One example of Dad’s fighting spirit, and the dynamic energy that he could apply once roused, was when a Conservative Minister for Health made the mistake of ignoring correspondence from Dad, regarding an idea he’d had for improving the teaching of nurses. Dad was never a political animal, but he set about reviving the moribund Liberal Party in his constituency, and eventually succeeded in turning Eastbourne from one of the safest Tory seats in the country into a marginal. Of course, a few years later, under a Labour Health Minister, Dad’s idea – a fast-track scheme for post-graduate student nurses – was adopted, and that’s all Dad wanted. He wasn’t interested in reward or recognition.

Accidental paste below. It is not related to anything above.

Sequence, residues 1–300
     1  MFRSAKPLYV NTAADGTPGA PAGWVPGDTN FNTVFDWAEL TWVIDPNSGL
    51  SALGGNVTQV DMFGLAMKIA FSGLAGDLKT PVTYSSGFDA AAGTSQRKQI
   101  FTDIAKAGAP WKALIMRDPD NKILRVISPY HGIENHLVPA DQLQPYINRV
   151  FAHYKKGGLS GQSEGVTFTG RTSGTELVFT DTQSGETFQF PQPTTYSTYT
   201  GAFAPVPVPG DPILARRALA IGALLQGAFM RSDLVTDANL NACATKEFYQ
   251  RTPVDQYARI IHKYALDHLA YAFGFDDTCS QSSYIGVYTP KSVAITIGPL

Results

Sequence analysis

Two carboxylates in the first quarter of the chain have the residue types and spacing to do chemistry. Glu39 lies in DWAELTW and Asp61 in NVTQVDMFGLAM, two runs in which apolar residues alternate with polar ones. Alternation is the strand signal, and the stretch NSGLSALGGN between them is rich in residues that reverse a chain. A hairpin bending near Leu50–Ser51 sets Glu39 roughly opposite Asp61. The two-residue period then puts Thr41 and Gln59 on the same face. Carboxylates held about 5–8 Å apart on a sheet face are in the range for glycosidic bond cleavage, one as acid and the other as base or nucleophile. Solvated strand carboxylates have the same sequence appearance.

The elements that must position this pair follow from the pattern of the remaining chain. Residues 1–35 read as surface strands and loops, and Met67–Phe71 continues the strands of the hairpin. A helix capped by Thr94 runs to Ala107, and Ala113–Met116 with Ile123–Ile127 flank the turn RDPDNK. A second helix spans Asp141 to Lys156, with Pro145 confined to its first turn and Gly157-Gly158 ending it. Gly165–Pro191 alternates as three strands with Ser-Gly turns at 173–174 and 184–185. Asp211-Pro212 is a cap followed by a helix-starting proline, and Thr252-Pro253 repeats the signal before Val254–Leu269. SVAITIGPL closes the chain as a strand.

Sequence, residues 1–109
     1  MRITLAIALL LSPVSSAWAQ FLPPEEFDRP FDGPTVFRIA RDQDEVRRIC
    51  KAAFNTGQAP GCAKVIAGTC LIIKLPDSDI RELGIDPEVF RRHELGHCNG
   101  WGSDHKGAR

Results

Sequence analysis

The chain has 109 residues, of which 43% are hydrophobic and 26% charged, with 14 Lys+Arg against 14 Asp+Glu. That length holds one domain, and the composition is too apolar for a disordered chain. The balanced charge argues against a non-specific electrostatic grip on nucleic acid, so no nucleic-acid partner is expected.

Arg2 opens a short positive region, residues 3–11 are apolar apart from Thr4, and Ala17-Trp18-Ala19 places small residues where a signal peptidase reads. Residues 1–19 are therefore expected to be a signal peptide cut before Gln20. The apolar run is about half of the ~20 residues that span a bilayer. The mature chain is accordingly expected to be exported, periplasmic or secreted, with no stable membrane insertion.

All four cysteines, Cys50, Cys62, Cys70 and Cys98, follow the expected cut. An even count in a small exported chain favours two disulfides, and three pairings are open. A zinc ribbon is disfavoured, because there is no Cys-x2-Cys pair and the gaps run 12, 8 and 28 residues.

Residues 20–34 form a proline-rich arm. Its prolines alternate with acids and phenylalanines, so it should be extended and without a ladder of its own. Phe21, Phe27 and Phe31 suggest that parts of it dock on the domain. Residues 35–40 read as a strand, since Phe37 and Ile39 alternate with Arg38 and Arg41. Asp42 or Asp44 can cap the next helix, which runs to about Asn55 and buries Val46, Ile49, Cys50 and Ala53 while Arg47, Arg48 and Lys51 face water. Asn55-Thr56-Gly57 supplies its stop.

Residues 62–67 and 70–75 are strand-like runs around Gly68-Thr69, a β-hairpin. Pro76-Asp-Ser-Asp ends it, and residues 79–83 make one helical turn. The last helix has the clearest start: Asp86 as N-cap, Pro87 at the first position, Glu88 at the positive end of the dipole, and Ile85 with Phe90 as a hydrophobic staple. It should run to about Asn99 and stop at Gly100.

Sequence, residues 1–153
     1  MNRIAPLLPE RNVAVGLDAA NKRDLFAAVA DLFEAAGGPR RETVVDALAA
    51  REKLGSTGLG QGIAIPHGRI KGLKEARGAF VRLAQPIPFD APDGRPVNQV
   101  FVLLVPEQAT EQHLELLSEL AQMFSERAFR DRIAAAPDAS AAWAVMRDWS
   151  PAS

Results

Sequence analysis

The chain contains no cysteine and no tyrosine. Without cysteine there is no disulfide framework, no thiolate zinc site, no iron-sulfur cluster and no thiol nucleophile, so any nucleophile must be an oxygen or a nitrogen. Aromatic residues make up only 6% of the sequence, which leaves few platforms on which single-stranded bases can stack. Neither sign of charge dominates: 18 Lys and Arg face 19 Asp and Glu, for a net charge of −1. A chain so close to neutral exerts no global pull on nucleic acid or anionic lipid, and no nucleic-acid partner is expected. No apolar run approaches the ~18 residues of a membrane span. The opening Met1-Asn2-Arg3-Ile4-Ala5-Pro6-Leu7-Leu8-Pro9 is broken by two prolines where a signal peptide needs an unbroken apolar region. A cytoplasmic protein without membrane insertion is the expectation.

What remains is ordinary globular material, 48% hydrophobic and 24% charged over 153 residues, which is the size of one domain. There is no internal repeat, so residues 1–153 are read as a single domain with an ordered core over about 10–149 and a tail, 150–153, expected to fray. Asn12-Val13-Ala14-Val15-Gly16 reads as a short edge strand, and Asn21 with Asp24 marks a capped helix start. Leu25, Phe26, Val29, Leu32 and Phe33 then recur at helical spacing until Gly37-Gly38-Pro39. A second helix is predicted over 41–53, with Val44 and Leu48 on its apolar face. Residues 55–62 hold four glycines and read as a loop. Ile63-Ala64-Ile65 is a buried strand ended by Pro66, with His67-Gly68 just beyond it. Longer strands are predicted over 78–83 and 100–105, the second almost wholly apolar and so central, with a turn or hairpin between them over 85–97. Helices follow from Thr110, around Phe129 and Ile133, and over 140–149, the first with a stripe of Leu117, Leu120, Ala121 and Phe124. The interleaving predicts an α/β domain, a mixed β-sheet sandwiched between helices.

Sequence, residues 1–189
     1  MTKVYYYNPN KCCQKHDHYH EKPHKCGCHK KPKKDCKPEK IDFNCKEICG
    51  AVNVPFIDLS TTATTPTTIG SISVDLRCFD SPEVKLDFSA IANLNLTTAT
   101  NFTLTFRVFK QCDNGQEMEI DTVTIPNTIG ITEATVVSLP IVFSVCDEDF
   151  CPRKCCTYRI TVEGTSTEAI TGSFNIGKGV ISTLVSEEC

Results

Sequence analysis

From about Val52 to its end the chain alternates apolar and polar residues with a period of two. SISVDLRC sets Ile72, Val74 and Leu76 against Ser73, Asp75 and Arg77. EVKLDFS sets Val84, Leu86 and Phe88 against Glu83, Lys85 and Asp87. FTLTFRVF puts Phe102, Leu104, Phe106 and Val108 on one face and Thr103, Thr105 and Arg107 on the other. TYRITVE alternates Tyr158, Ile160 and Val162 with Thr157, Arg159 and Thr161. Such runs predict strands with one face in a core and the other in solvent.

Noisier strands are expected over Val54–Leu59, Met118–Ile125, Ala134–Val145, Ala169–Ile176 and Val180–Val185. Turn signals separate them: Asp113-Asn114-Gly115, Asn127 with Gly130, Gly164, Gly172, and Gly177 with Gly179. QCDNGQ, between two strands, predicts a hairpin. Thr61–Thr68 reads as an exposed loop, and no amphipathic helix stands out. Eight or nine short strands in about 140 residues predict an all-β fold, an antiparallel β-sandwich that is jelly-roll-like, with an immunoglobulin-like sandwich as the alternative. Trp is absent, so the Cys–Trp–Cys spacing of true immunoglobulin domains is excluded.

Like many men of his generation, Dad learnt to drive quite late in life – in his thirties. Our first car was a 1939 Hillman Minx – BCL 421, which had various idiosyncrasies; but the most entertaining, for me, was the way its indicators worked – or failed to. They consisted of orange illuminated arms, which lived in slots on the door pillars. When the indicator switch was operated, the relevant arm would make a feeble attempt to flip out of its slot, but would invariably stick about a quarter of the way out. It was the duty of the back seat passenger to give the door pillar a hefty thump, to encourage the indicator arm to come all the way out. These indicators were known within the family as “jiggers”, and as there was no self-cancelling mechanism, whoever noticed that Dad had forgotten to switch one off would shout, “Your jigger’s out!” This always amused Mum and Dad, though I was too young to grasp the double-entendre.